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Why iOS 16's New Edit Text Message Feature Isn't as Sneaky as You Thought

There's a pretty obvious reason to never edit text messages on your iPhone -- and a better alternative.

Text messages on a mobile phone
Fortunately, there's a better alternative to editing texts.
James Martin/CNET

Apple recently introduced the ability to edit your texts on iOS 16, allowing you to fix grammatical mistakes or incorrect information in already sent messages. It's a feature I've wanted for years -- and I know I'm not alone in that.

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Twitter recently added an editing option for tweets, so it only makes sense that Apple would jump on the hype train and release its own version for the iPhone.

Well, I'm here to say that you shouldn't be using the new editing feature.

In this story, I'll explain what's wrong with the edit text message feature on iOS 16, and show you a much better alternative. Here's what you need to know.

Why avoid the edit text message feature?

The biggest reason why you shouldn't use the edit text message feature is because of the edit history

To explain, I'll need to back up a bit.

When Apple released the first developer beta version back in June, the software included the edit text message feature, but it worked differently. If you edited a text message using the early version of iOS 16, your recipient would be notified that the text message had been edited, with an edit button appearing in the thread, but that's all. They couldn't go back and see what your original message said.

During the development of iOS 16, Apple tweaked the feature so that it includes a history of all your edits. Now, when you edit a message, the recipient is not only notified but can easily view your original text and all of your subsequent edits.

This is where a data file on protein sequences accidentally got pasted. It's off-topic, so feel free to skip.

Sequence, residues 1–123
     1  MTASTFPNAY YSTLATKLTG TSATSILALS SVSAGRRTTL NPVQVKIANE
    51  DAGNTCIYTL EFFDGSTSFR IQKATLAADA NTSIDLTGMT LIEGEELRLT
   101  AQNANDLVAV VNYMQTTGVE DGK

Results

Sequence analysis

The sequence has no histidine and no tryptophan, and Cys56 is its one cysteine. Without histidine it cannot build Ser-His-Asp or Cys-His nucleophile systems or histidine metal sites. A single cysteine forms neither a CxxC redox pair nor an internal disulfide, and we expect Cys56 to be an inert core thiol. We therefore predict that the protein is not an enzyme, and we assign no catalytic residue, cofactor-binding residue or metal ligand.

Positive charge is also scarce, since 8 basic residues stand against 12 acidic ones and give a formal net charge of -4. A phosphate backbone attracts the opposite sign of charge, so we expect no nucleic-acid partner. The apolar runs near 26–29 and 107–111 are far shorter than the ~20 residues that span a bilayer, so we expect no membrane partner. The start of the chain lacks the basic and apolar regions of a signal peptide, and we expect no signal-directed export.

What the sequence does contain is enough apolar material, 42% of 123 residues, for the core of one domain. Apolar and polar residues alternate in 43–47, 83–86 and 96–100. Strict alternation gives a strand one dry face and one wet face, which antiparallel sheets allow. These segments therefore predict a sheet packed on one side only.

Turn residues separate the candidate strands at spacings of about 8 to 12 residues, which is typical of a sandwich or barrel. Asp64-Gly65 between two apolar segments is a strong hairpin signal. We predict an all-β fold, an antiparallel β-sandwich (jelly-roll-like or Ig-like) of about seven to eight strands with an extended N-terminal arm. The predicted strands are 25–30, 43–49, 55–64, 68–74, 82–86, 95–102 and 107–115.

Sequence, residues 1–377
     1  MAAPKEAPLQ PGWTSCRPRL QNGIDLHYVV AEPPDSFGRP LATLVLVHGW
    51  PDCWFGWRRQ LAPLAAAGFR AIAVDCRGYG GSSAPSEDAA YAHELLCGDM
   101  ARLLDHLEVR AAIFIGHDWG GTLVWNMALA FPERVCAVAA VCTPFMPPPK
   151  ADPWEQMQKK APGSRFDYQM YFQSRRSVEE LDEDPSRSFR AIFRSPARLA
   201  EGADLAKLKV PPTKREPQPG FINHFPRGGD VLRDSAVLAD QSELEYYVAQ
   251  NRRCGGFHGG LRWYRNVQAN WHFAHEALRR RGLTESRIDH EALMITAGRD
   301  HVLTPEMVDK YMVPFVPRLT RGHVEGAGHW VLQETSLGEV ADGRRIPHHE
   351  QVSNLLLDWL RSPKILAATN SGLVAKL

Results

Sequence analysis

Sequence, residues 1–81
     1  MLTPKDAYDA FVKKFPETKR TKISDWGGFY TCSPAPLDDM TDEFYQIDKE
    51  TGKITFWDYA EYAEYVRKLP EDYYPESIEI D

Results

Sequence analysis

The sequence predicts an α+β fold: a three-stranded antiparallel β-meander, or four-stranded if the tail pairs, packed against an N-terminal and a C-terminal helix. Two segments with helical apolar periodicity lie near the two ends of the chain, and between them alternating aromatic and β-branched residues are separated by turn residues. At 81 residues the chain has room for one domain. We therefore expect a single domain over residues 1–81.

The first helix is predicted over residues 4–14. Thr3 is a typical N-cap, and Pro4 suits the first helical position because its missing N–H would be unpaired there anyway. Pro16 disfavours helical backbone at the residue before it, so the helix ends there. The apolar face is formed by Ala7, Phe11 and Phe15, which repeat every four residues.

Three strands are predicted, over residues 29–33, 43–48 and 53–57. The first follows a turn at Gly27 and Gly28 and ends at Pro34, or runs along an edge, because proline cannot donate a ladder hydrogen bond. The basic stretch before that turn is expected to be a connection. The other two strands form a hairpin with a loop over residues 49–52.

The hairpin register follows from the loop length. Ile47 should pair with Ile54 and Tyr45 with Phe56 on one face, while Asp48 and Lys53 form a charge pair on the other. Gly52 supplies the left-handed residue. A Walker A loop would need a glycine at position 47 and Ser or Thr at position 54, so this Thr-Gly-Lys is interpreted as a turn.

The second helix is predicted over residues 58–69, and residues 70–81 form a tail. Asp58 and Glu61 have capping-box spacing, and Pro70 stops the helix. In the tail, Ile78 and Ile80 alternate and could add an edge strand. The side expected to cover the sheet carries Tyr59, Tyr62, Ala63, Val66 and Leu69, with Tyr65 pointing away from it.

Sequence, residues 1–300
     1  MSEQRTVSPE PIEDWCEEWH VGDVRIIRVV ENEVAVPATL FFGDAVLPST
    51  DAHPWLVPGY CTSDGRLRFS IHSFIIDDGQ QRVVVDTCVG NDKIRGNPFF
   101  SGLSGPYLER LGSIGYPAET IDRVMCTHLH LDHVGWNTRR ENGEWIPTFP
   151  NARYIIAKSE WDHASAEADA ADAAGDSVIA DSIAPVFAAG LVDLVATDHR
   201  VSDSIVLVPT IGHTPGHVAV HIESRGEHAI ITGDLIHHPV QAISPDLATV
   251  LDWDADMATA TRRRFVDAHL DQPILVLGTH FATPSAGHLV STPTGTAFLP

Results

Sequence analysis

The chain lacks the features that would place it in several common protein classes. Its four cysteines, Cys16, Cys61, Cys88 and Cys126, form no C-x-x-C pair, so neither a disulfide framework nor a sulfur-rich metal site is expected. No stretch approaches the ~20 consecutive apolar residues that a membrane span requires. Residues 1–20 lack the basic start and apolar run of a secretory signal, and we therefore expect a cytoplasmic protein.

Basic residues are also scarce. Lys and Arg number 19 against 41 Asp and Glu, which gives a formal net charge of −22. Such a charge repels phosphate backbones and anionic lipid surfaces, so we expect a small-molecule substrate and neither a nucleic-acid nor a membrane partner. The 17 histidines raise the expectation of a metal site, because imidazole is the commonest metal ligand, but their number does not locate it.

Edit text history on iOS 16

Your original text, as well as subsequent edited text messages, appear as faded blue chat bubbles above the most recently edited text.

Nelson Aguilar/CNET

If a recipient wants to view a message's history, they can tap the Edited button that appears underneath any edited text message. Above the edited text, all previous messages appear in a faded blue bubble. If you don't want your recipient to see your original message (for whatever reason), that's a big problem.

So what's the alternative?

What you should do instead of editing text messages

The answer lies in another new iOS 16 text messaging feature -- unsending messages. Instead of editing a text message to correct or erase something you don't want the recipient to see, simply unsend it, rewrite it and send it again as a new text message.

You have less time to unsend a message (2 minutes) than to edit one (15 minutes), but you should always choose to unsend a message if you have the opportunity. To unsend a text message, press your finger down on the text message you want to take back and hit the Unsend option.

Unsending a text message on iOS 16

If you unsend a text message, the recipient won't have a history to go through and read it.

Nelson Aguilar/CNET

When you unsend a text message, there's no history left behind in that message. The recipient will see that you've unsent a message, but they won't be able to read what your original message said. And if they have text notifications on, those will disappear when a message is unsent.

There's always the chance that someone will read a message before you're able to retract it, but unsending it improves the chances of your text never being read. It's a much better bet than editing, which leaves behind a record of your original message for the recipient to see.

If you don't want your original text message to be recorded and seen, and you can act quickly within the allotted 2 minutes, always unsend a text message and then just write it again.